Cloud-based applications are designed for user ease and faster deployment and they are mostly popular among small and medium businesses (SMBs) who want enterprise-level solutions within a smaller budget. They choose cloud-based BPM software because they don’t have the expertise to build such solutions on-premise and on their own, and having an out-of-the-box web product gives them the thrust to focus on their core business competencies. When they use cloud-based business process management solutions, they might only have to look after certain aspects of the process that cloud vendors don’t offer, like desk-side customer support.
If you are considering buying on-premise BPM, here are a few situations where the product might have an edge over cloud BPM.
- Many countries or industry verticals expect businesses to comply with a number of regulations on handling and storing sensitive data. One such example is HIPAA compliance for the healthcare industry in the US, that requires enterprises to maintain private datacenters.
- Although cloud security is a non-issue among most cloud vendors, many enterprises with a high focus on data security are more comfortable having on-premise solutions within their reach.
- Companies with operations across many countries, some of which have patchy internet bandwidth or content censorship, can improve latency and consistency in data exchange by having a WAN circuit that connects their private datacenters.
- Data visibility, much like the security issue, is another perceived area where enterprise find onsite solutions preferable, because they know where their data is located. Unless the cloud vendors come up with a technology to make data visible to the owners, many enterprises are going to be skeptical about the issue.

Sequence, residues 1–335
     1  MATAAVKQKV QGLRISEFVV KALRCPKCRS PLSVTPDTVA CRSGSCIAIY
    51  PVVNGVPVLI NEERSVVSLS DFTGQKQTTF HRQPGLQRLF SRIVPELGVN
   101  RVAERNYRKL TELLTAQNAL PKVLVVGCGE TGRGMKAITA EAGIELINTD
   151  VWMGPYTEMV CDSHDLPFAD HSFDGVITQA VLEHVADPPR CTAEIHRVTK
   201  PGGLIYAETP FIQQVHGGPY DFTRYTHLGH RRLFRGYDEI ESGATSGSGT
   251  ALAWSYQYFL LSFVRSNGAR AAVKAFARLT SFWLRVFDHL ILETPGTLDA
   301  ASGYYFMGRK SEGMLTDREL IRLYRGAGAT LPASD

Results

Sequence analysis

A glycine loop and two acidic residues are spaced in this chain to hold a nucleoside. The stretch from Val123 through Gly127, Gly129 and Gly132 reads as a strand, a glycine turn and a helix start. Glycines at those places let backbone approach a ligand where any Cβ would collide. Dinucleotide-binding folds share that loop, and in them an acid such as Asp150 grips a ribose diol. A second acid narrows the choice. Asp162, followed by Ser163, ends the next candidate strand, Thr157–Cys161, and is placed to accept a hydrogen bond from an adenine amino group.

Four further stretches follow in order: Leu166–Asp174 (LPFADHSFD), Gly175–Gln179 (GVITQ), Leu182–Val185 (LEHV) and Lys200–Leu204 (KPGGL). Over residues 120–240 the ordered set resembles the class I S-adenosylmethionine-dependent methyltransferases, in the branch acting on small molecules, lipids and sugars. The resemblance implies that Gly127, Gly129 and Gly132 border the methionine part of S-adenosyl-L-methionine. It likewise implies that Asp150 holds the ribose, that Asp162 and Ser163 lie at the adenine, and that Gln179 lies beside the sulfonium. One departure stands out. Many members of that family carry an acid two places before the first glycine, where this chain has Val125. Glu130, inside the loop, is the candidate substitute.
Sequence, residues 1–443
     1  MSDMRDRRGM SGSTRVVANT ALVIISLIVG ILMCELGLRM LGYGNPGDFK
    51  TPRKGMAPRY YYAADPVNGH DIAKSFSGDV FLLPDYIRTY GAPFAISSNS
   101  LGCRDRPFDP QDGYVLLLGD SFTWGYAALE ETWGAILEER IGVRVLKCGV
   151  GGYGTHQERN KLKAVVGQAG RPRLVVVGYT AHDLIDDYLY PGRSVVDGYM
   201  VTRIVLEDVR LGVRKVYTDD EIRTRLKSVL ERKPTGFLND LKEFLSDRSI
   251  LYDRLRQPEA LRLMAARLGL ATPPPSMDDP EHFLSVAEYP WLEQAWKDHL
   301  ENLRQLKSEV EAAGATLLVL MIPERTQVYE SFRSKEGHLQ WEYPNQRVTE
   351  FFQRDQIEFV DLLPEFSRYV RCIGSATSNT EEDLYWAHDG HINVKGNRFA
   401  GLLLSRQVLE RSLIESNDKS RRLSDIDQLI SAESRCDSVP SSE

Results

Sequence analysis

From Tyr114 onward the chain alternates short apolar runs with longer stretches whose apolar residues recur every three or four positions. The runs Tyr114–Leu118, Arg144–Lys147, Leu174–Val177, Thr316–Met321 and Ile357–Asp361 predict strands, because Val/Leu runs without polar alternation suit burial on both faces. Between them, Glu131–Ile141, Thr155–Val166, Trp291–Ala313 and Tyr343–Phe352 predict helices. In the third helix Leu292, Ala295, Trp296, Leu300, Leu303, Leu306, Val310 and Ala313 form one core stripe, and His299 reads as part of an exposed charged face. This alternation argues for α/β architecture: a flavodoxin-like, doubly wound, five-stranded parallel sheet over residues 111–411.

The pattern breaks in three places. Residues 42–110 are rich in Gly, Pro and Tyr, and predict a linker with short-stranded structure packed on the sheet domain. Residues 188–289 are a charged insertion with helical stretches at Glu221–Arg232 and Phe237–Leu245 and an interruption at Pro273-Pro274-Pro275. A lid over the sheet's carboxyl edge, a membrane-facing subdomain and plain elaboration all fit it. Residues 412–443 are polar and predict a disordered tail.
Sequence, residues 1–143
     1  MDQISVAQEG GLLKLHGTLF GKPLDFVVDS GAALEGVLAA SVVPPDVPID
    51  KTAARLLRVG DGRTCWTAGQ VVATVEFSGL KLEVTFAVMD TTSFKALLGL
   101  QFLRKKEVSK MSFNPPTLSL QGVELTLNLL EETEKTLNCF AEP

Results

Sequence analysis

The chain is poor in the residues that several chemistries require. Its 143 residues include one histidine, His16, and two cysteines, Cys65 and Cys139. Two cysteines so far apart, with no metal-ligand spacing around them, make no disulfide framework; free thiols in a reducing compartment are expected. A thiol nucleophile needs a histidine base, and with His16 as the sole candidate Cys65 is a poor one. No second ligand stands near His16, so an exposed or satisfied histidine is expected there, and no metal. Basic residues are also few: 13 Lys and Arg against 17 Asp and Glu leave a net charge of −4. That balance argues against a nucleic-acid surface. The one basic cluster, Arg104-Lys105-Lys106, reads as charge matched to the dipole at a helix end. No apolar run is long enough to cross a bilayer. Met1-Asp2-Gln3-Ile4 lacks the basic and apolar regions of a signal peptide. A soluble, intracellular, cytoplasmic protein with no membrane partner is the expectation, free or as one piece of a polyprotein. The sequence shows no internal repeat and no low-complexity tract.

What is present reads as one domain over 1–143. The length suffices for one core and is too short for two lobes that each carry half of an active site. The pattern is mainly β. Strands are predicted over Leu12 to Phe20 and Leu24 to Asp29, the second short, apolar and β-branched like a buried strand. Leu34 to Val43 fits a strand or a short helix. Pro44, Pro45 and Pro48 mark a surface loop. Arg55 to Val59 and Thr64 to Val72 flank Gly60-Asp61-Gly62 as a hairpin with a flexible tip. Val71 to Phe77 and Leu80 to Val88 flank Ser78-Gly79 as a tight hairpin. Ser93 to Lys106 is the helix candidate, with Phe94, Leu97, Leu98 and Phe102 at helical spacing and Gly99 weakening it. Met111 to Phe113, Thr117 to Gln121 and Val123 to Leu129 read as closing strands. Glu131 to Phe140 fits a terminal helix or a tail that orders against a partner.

Are On-premise And Cloud Solutions Mutually Exclusive?
This is where most IT directors get it wrong.
Choosing between on-premise and cloud solutions shouldn’t be a difficult dilemma; you can choose them both for processes that have different requirements. For example, an enterprise might want to have their email system on-prem while using a cloud-based system to ensure communication speed and archiving capability. In another case, a manufacturing company might want cloud services for QA on its products for faster computing and cost-effective testing, while having an onsite software for deploying its production system.
Built for power. Built for humans.
Get a Free 7-day Trial with KiSSFLOW!
The key is to recognize that some processes are easier and of low impact to transport over to cloud, whereas certain data are mission critical to business that needs to be safeguarded within the enterprise periphery. Therefore, deciding which option to use really depends on the nature of your business, the processes you have, and your level of comfort with cloud vendors.
If your company is dedicated to on-premise solutions, you aren’t dead-in-the-water quite yet. Many businesses will be able to function well with these solutions for many years to come. However, there will come a day soon when the cost of maintaining these solutions will significantly outweigh the lingering minor security issues that come with storing data on the cloud.